Page:Popular Science Monthly Volume 32.djvu/532

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to represent the celebrated river now known as the Po. It has had different names among different peoples, but the idea of a river, suggested by its long, winding streams of stars, has always been preserved. According to fable, it is the river into which Phaeton fell after his disastrous attempt to drive the chariot of the sun for his father Phœbus, and in which hare-brained adventure he narrowly missed burning the

PSM V32 D528 Gemini auriga and perseus.jpg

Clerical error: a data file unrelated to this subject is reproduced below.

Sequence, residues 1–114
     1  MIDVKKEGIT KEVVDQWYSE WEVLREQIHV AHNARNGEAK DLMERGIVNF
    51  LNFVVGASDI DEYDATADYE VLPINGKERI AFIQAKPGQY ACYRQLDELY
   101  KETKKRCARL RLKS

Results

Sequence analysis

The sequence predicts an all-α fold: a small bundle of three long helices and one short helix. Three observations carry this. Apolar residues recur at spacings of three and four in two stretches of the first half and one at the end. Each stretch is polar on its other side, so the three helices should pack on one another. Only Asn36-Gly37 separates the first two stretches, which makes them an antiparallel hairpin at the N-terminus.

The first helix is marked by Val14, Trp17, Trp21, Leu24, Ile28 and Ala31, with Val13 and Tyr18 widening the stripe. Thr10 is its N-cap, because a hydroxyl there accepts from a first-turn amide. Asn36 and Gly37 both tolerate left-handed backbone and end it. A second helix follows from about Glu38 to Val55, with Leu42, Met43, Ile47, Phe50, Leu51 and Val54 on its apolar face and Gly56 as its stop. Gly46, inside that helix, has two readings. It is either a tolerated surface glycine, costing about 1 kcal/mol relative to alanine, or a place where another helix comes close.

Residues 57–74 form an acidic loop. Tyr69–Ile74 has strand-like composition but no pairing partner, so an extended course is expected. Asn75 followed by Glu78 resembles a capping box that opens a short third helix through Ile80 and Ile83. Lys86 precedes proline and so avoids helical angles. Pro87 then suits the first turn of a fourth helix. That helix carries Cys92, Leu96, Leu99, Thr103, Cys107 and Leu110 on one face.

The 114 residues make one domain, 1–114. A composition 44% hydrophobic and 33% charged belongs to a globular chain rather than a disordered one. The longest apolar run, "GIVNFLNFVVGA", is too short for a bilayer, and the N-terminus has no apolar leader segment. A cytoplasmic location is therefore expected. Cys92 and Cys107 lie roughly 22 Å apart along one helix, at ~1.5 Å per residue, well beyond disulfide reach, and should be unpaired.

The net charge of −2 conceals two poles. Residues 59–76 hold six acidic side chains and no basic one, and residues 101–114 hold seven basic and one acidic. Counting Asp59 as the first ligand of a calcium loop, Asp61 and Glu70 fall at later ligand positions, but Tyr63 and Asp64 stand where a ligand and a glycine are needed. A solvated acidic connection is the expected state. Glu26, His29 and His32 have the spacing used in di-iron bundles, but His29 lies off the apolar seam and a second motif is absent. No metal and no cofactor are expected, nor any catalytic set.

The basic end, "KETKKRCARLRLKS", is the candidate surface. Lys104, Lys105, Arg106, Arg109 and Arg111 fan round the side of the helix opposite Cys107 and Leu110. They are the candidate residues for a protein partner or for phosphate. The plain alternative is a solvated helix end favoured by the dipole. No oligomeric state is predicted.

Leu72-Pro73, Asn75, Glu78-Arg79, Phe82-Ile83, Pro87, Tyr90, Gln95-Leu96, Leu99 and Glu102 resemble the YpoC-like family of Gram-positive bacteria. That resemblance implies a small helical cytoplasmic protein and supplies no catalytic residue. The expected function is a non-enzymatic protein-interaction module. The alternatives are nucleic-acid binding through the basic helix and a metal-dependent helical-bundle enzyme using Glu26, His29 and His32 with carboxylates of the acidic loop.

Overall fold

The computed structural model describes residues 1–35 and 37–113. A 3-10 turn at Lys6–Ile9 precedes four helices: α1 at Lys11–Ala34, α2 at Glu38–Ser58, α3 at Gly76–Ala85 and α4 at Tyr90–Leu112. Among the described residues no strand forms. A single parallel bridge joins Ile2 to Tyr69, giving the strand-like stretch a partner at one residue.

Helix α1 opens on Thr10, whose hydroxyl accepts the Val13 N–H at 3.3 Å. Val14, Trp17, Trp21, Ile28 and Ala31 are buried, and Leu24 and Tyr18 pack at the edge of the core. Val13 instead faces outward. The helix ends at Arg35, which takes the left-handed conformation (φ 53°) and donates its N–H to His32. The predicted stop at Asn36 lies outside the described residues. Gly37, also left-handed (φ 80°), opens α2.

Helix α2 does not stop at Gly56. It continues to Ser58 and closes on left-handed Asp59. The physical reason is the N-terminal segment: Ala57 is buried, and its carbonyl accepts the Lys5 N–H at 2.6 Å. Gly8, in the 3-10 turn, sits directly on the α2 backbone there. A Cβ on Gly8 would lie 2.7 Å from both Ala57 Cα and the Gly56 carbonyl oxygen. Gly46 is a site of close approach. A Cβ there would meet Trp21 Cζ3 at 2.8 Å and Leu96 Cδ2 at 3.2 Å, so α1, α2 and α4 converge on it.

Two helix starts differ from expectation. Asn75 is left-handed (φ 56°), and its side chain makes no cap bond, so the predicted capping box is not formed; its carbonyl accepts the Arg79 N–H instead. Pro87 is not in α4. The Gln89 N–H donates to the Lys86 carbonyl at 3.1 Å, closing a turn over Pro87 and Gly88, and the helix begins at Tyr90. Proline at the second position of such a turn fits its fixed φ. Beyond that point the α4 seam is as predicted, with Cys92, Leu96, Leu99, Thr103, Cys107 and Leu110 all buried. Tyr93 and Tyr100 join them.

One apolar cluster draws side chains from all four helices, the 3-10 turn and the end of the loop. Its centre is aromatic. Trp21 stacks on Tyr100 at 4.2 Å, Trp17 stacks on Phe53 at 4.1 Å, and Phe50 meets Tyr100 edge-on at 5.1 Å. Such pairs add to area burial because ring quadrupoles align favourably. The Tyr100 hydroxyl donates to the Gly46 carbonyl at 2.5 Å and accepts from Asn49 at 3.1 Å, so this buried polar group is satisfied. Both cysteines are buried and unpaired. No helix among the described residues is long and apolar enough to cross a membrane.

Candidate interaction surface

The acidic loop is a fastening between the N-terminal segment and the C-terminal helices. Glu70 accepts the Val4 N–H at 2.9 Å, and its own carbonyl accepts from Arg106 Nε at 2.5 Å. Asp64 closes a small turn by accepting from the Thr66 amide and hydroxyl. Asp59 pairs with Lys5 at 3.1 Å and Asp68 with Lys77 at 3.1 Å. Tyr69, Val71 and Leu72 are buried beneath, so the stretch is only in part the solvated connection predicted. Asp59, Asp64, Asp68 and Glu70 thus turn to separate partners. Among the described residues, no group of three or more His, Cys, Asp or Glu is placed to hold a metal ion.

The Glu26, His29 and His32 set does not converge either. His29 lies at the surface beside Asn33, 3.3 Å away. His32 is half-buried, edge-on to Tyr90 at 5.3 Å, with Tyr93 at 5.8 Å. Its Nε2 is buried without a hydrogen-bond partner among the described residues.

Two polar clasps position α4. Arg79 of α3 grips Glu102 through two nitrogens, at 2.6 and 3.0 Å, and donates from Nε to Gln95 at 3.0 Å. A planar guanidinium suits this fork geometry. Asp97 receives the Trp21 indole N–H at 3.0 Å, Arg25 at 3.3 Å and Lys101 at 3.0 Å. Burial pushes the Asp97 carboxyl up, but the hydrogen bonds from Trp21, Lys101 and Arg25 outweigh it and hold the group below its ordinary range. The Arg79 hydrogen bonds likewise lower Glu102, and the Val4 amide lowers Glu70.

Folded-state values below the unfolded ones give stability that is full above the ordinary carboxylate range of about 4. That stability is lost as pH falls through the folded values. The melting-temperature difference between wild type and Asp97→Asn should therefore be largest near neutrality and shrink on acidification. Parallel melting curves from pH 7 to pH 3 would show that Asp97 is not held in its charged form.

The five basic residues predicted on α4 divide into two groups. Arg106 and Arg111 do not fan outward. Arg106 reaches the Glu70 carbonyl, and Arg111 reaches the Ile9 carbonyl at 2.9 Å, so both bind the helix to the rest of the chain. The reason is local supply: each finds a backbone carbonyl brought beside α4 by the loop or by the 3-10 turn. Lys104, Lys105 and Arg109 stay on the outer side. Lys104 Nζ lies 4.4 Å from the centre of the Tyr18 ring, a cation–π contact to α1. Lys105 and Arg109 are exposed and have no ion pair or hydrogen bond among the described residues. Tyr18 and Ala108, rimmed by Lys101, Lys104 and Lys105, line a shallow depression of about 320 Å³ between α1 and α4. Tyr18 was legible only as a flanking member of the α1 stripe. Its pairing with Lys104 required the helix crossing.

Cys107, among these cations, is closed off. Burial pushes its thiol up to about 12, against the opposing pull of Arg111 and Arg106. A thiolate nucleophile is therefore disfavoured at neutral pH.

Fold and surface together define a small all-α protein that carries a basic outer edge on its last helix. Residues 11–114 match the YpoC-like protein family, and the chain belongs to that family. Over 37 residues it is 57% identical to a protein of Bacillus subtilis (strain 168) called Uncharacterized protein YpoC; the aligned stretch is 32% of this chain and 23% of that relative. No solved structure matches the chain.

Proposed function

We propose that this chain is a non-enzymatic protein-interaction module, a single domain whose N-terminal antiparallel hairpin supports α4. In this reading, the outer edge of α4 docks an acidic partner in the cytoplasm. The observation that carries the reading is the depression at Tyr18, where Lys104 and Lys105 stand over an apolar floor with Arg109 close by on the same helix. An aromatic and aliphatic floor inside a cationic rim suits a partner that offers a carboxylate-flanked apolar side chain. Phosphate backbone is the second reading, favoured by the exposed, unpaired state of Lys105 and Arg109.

Map 2.

world up. The imaginary river starts from the brilliant star Rigel, in the left foot of Orion, and flows in a broad upward bend toward the west; then it turns in a southerly direction until it reaches the bright star Gamma (γ), where it bends sharply to the north, and then quickly sweeps off to the west once more, until it meets the group of stars marking the head of Cetus. Thence it runs south, gradually turning